.My mom always taught me that sometimes things happen for a reason. As a southerner, I listen to my momma. I had a post planned for today that began like this:
Today I wanna know, should Coach Richt ban his players from Twitter? What about Facebook? As recently as last week I probably would've said no. Today's a different story.My intent was to explain why I've changed that stance. For every one Mike Moore (who's been as enjoyable to follow on Twitter as anyone) there's ten more football players who haven't reached his level of maturity...but have set up an account. And even if they are mature, anyone can have a momentary lapse of judgment while clicking Post. Or can get caught up in the fairness of the NCAAs issues. Check out Rennie Curran's response to the rumor mill last night.
Can't believe how hard the ncaa is trying to crack down on college athletes. How can expect someone not to look to outside sources.
when there are video games being made of you, your jerseys getting sold, your family is struggling n you don't even get a dime except pellYou can also check out some of his responses to his followers' questions. We saw #35 lay a lot of wood the last three years. Last night, regardless of his intent, Curran raised a big red flag. Who's the next college athlete to raise one? Will he/she be in Athens? While Coach Fox has successfully banned his players from Twitter, it would be more problematic for Coach Richt to police.
But I think it needs to be done.
And if not, all student-athletes should adhere to Rex's advice -...by all means watch the Twitpics and keep your mouth shut!
I've followed as many Georgia athletes as I can find through social devices. And I'd be lying if I typed to you that there's been moments when I've squirmed reading status updates. I'm sure you have too. Luckily, most Dawgs behave themselves...on the cyber streets. But the temptation has to be high to get attention anyway they can.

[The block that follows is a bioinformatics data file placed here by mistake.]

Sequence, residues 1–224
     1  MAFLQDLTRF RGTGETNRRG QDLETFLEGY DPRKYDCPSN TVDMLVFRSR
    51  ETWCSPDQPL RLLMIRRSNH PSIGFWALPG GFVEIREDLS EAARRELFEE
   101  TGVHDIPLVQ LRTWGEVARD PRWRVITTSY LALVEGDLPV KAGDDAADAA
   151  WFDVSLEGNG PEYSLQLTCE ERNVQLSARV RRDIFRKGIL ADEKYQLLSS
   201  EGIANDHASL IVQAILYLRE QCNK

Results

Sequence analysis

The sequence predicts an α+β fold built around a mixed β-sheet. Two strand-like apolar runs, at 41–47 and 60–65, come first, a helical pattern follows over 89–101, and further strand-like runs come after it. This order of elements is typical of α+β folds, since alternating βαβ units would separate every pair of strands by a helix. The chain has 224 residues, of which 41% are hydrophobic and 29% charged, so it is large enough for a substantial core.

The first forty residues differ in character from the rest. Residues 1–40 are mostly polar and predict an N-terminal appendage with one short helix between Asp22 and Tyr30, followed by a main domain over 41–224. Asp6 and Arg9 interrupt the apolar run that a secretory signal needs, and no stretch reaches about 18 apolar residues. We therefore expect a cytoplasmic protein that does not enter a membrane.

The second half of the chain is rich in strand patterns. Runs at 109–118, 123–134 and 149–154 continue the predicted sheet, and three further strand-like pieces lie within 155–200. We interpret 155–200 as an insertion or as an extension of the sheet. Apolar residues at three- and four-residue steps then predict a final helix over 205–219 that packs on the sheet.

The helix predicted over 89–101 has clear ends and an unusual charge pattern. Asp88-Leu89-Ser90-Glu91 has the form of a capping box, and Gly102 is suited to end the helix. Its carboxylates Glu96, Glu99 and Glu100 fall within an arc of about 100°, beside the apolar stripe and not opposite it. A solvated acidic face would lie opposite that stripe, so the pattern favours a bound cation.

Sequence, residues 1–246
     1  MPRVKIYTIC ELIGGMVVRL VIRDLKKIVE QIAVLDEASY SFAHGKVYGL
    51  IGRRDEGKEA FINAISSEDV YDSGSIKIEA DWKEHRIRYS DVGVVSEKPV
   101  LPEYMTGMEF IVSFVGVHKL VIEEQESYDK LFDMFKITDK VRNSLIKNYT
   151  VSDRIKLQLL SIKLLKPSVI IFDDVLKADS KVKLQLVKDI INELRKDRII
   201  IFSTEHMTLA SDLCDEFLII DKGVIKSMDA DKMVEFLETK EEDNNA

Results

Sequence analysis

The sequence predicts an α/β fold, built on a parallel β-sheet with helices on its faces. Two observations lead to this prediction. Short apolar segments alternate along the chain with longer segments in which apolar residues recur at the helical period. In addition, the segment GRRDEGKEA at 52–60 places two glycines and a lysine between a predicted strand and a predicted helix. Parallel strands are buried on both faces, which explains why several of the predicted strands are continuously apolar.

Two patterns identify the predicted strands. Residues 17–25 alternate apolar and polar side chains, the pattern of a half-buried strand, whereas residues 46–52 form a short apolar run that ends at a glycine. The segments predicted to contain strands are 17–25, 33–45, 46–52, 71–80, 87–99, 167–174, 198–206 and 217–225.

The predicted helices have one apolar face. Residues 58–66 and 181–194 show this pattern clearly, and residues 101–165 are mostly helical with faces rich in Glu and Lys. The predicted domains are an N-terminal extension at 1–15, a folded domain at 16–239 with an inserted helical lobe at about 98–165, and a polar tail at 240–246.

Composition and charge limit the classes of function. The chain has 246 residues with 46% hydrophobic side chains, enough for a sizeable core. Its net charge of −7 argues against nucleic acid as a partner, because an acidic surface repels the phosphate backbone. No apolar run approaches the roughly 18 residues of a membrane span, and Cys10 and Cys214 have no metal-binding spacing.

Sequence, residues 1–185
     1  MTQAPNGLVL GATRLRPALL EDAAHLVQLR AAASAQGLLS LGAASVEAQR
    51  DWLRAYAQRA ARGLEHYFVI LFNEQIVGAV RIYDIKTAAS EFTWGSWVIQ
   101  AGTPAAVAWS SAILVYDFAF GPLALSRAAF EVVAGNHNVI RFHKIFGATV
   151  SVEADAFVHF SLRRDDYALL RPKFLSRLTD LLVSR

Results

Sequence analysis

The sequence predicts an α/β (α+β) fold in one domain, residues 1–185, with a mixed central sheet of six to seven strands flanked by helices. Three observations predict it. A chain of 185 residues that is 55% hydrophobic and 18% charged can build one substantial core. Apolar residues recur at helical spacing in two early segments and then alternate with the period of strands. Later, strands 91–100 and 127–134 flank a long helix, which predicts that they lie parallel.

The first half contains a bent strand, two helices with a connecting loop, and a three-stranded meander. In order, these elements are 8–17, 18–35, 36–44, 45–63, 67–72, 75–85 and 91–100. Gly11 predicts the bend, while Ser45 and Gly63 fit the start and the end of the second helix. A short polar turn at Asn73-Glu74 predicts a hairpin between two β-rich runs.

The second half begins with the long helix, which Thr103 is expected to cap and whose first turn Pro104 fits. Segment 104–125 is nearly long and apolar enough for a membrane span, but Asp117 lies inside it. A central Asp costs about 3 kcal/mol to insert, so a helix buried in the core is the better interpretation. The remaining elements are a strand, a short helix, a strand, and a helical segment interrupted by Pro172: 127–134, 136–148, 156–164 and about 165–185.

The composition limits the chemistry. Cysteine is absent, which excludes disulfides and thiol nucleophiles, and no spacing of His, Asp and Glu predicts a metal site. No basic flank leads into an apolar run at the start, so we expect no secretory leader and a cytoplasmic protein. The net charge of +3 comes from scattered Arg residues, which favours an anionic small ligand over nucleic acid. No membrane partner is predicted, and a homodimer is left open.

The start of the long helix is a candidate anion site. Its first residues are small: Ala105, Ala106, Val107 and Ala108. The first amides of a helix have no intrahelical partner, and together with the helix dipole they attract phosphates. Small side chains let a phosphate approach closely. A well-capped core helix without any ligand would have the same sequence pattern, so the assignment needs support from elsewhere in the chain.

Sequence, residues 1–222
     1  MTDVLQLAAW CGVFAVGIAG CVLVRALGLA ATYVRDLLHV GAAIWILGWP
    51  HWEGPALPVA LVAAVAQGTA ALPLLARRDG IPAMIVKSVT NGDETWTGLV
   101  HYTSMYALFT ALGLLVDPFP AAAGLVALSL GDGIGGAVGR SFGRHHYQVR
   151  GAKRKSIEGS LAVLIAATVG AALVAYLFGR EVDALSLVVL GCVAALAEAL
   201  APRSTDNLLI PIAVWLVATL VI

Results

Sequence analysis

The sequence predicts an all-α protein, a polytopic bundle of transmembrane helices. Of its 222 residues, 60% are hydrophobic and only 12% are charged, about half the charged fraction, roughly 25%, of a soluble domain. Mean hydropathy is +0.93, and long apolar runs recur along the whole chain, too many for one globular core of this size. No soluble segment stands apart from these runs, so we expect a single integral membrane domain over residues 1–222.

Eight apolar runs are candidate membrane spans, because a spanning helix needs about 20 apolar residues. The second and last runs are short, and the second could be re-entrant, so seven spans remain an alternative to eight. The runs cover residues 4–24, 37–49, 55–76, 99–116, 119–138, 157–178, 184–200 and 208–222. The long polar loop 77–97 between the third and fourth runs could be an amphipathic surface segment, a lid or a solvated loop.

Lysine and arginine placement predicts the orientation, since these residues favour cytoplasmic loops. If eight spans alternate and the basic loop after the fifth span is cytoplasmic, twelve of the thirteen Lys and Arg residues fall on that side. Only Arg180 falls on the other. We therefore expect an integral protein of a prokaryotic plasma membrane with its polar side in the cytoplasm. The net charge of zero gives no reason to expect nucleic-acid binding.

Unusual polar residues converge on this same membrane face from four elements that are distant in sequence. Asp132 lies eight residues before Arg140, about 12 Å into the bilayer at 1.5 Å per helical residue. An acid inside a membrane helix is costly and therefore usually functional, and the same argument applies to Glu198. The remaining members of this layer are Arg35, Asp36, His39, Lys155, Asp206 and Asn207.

Which is why the NCAA is making headlines each and every day here lately. They've failed to regulate sports agents (mostly because the task is nearly impossible) and now social media has forced them to. Father NCAA can't just sit in his office while student-athletes post pictures of themselves on Facebook partying in South Beach. They can't just be content with the status quo when amateur football players are tweeting about being given VIP status.
And now they're in Athens. We expected this right? If you didn't, you've had your head in the sand...and I don't blame you. I'm sure they want to talk to AJ Green, but I doubt they'll find much. As Mike Moore said last night, "Hahaha this talk about AJ is hilarious..that country boy ain't never been to Miami!!! You can put those rumors to rest...".
Perhaps our own David Pollack of 790theZone should check with fellow former players instead of trying to parlay a rumor into radio stardom. Sure AJ's the easy target given his future draft status. But that doesn't mean the kid traded in time on his family's farm in the lowcountry to pretend he's the fresh prince of the ocean air.
But it all brings me back to my original question. The NCAA can pretend they've had their arms wrapped around this all along. We know differently. They can scare us into thinking that we may be facing the 2010 season without a player, or players. They can...this time. But why not nip this in the bud? UGA athletes are well-versed (just like 99% of all NCAA student-athletes) on the pitfalls of these interactions with slimeballs. Why not also educate them on how to use social media...after they graduate.
As nice as it is for me to get a glimpse of these kids' lives and I'm sure as nice as it is for them to socialize in cyberspace, the potential risks greatly outweigh the rewards. Ineligibility, restitution, vacated wins...to name a few. Coach Richt is a nice guy and I'm sure he doesn't want impose such authority on his players. But if a tweet or an uploaded photo bring consequences for everyone except the guilty agent, he may not have a choice.